The U.S. educational system is based on an agrarian society. Guess what? We haven’t been an agrarian society for decades if not centuries. Being based upon an agrarian society, we only have school nine months out of the year. Name me a business large, small, service, manufacturing or agricultural that lays off its workers and shuts down down its facilities for three months out of the year.
    We need to make the school calendar be three hundred and sixty-five days a year, and we need to make the facility available twenty four hours a day. When rooms are not being used for classes, they may be used by community organizations for a small fee to cover electric, janitorial and security.
    Students may attend as many days a year as they want.
    Teachers may teach as many days a year as they want. They would be compensated for the extra months they teach and wouldn’t need to find another job during breaks and the summer.
    Parents would be able to better plan their work schedules and child care.

    Step 3
    Make education technology based, not lecture based with technology augmentation. Now that we are competency based and school and teachers are available all year around, lets use technology. Technology will allow students to proceed at their own pace. Teaches will be able to serve as mentors to the learning process instead of lock stepping students of varied abilities and interest through a one size fits all curriculum.
    Stop wasting money on textbooks which are out of date before they are published. Go digital. With the money saved provide every student with a laptop or tablet. If you are worried about getting them back, charge a fee. For those students or parents that cannot afford to either buy or rent, have a business partner step up.
    Don’t buy technology. Lease it. It changes too rapidly; and will be too expensive to update.
    Use free technology from the internet like Kahn Academy and Next Vista for Learning.

    STEP 4
    Get parents, grandparents, the business community and the general public involved. Get everyone involved. Get civic organizations to use the school facilities. Get adults using the gym for basketball, volleyball, community dances. Everyone should know where the schools in their community are. Encourage everyone to come to school to get involved in courses whether their eight or eighty. Find out what people want to learn and provide them with the opportunity.

    Step 5
    Separate of state and federal education
    The states can keep their state schools, but there will be federal “charter” schools which adhere to common core principals.
    I have long heard about how the federal government should stay out of state issues. I agree wholeheartedly.
    The federal government would have the right to run federal charter schools any way it wanted.
    The states would have the right to run their state schools however they wanted.
    The federal government would fund their charter schools with federal tax dollars.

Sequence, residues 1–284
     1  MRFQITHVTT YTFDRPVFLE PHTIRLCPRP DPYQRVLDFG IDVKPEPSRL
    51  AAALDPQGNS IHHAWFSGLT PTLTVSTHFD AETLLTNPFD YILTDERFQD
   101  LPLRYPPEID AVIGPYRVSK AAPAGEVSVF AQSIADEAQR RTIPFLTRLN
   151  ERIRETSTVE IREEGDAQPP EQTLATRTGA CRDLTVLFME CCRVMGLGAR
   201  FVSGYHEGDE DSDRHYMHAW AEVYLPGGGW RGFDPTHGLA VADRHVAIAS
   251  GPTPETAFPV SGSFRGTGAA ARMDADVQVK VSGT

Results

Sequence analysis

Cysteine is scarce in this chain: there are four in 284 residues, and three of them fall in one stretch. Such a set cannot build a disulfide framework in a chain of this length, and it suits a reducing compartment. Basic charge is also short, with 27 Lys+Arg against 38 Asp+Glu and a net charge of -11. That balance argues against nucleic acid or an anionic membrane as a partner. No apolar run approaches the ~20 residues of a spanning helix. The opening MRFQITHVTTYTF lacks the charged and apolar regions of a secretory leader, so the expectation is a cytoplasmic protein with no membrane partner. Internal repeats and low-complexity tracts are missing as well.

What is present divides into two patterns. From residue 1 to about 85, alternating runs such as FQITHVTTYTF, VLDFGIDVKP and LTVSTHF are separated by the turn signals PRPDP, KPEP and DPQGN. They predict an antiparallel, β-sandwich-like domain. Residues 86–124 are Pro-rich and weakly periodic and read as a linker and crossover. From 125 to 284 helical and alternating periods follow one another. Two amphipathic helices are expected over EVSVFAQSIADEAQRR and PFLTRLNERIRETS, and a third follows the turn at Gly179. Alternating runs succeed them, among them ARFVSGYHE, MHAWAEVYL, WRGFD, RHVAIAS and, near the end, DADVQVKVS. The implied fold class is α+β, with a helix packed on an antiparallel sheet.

The states could fund their schools however they wanted but without federal tax dollars.
    No state monies would be used to fund federal charter schools and no federal funds would be used to finance individual state public, private or state chartered schools.
    Parents would be able to choose whether to send their children to federal charter schools which were funded by federal tax dollars or state schools funded by state tax dollars. At last the hue and cry against big government involvement in education would be addressed. States could have all the charter schools they wanted. States could write whatever curriculum they wanted with or without evolution. The states could teach that climate change is not backed by science. States could once again manipulate who goes to what schools because the parents would have a choice.

    James Foos

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    • In my humble opinion, education is an evolutionary process. It is about unfolding potential from within. External impetuses such as teaching is basically serving as semen in unfolding the potential within. Education as practiced is more about mind control and is not education. It stifles evolution more so than enhancing it. The problem goes way back when, into Greek rationalism and to the time of the Fall of Genesis (right around the time of the beginning of Egyptian and other ancient civilizations). Now, this is being said not in an all-or-nothing fashion, for there are aspects to living in which we need to learn the ways of our culture, etc. Unfolding the realization that a rattlesnake can bite and kill you is not something you want a child to unfold from within himself. You need to say, Don’t pet that thing, he will bite. But, to use a simple example, we can unfold a healthy body by healthy eating and activity. The evolution of potential within is thus in relationship to without. What education prepares our kids for is the workforce (if there will be one in the future given outsourcing and other activities to destroy the working classes),. Which brings me to another point: We of the labor classes (Eve as you will) need to begin telling Adam to take a hike….with Adam being the Man, the Corporation. As Jesus Christ says in the Gospel of Thomas, we need to bring forth the potential that is within us. Just my opinion.

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  4. Just visited your site. I haven’t went in depth into it, yet So, in my ignorance of how deeply into the rabbit hole you have gone, I”m wondering if you have read the likes of Charles Eisenstein’s “The Ascent of Humanity: The Age of Separation, the Age of Reunion, and the Convergence of Crises that is Birthing the Transition?” He has also written Sacred Economics and A More Beautiful World Our Hearts Know is Possible.

    There is a movement under way that could be spelling major, foundational changes for humanity and this planet. The movement is overall silent and not so much in the public eye, for they are still deaf to it. But, it is happening. Anne Baring is another read you may want to research. Her
    “The Dream of the Cosmos: A Quest for the Soul” gets somewhat into this movement.

    I wonder if the planet isn’t reorganizing. Just as Lovelock in his Gaia Hypothesis states that that the planet in essence self-organizes life (or should I say life self-organizes and is Gaia); then there appears to be a networking that is occurring where there are synchronicities across the planet of people making movements away from our several centuries of western thought which is divisional and into a more ancient relational way of understanding the world.

    I’m writing off the cuff here, hope I”m making sense.